Moderate Exercise Helps Fight Cold, Flu
I know the calendar says Spring is here, but the weather has yet to join the fun for more than a day or two. When it warms up officially, the last thing we want is a lingering cold. To help stay healthy, exercising can be a key part of your life.
Ingrid Ozols Perdue runs several miles a week, lifts weights, cycles, does Pilates and even gets in an occasional kickboxing workout -- a regimen she credits with keeping her free of colds and the flu.
"I really haven't been ill," said the 50-year-old dermatologist from the Indianapolis suburb of Carmel. "I think I'm healthier when I exercise. I think it's positive for me."
Experts say she's right -- to a point.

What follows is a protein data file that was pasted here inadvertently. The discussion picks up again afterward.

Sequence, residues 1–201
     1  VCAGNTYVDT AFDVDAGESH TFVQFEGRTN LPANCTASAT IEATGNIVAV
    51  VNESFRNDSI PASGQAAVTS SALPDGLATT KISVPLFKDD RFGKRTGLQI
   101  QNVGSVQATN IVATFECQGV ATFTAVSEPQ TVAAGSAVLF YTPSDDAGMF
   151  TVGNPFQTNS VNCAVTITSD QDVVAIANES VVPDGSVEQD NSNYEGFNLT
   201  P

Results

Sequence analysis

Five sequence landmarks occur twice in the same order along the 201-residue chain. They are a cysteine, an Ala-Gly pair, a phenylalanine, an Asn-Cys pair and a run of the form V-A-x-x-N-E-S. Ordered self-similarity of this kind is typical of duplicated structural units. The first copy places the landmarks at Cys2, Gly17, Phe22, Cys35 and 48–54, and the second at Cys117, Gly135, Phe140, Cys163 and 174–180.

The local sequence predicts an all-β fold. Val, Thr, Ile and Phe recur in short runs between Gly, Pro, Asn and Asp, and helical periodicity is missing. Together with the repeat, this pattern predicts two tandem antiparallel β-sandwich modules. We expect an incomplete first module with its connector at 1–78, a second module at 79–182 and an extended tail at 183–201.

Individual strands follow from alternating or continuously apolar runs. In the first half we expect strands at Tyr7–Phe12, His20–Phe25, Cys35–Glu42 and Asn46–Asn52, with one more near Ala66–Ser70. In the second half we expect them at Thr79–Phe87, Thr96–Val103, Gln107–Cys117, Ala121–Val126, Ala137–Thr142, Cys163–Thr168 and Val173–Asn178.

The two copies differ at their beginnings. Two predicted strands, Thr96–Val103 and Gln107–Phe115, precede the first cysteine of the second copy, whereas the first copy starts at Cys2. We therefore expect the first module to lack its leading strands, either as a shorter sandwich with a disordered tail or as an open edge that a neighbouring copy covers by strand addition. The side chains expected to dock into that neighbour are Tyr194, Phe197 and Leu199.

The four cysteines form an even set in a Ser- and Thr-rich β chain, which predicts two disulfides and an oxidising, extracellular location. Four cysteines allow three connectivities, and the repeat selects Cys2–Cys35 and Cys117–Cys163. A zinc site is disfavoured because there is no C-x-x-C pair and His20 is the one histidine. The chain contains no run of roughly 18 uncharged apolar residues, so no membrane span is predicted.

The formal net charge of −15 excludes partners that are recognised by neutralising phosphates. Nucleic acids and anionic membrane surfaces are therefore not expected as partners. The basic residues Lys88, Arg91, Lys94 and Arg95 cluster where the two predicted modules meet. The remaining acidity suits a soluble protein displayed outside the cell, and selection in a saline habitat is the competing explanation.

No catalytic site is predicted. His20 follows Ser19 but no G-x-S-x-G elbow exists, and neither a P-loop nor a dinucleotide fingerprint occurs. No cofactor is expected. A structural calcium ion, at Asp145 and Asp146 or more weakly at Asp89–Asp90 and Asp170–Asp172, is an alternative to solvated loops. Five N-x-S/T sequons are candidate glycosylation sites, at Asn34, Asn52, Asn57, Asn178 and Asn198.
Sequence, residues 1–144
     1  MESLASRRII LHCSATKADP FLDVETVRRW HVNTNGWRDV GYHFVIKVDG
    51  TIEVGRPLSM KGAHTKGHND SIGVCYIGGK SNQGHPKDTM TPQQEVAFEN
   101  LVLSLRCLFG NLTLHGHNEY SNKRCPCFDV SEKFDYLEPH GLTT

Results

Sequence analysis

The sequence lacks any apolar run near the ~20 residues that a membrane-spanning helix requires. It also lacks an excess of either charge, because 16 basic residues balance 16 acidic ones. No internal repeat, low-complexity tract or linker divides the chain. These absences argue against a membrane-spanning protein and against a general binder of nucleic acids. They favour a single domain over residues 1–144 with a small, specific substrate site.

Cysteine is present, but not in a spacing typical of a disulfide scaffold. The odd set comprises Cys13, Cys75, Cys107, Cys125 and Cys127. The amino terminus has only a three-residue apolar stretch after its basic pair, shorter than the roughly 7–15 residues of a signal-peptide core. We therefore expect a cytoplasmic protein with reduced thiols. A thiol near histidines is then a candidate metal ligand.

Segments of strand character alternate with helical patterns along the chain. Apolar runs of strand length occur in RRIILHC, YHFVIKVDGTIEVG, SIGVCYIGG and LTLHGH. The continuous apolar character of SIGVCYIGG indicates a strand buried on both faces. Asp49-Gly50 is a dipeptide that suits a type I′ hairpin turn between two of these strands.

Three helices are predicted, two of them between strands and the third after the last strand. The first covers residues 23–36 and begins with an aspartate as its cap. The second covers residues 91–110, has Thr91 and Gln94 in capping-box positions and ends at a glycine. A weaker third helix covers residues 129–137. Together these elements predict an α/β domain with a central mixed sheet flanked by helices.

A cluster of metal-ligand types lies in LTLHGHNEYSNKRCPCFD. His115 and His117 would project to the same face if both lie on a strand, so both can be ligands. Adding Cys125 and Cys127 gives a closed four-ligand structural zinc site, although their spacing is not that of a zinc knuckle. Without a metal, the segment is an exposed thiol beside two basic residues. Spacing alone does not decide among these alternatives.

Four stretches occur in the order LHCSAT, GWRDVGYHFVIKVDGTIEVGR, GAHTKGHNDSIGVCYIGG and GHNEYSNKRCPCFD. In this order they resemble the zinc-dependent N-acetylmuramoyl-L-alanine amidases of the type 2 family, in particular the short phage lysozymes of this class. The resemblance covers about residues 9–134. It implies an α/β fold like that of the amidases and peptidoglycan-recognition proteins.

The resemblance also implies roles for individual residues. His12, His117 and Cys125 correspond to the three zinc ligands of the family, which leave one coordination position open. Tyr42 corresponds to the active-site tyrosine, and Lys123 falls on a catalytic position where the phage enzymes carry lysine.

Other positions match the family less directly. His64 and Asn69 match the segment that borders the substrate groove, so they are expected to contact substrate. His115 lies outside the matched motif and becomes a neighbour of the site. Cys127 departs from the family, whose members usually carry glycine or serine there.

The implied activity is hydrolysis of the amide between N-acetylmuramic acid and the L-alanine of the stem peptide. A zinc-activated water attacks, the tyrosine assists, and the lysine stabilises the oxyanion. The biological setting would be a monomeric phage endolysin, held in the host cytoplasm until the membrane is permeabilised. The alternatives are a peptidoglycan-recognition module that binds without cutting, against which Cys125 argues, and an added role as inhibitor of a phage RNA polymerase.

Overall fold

Research shows moderate amounts of aerobic exercise such as jogging, brisk walking and cycling during the cold and flu season boost the body's defenses against viruses and bacteria.
But at a certain point, the physical stress of a long workout undermines the immune system and leaves the endurance athlete even more vulnerable to infection than before a workout.
"The general consensus, I believe, is that 30 minutes, three or four times a week, is generally considered to have positive effects," said Michael Flynn, who studies exercise's effects on the immune system at Purdue University in West Lafayette.
One study showed that jogging about 10 miles a week was beneficial to the body's defenses, but 20 miles was associated with an increased risk of infection, Flynn said.
"There's pretty good evidence that the intensity of prolonged exercise suppresses certain aspects of the immune system," Flynn said. "If someone is just doing fitness exercise, it seems like their resistance is better."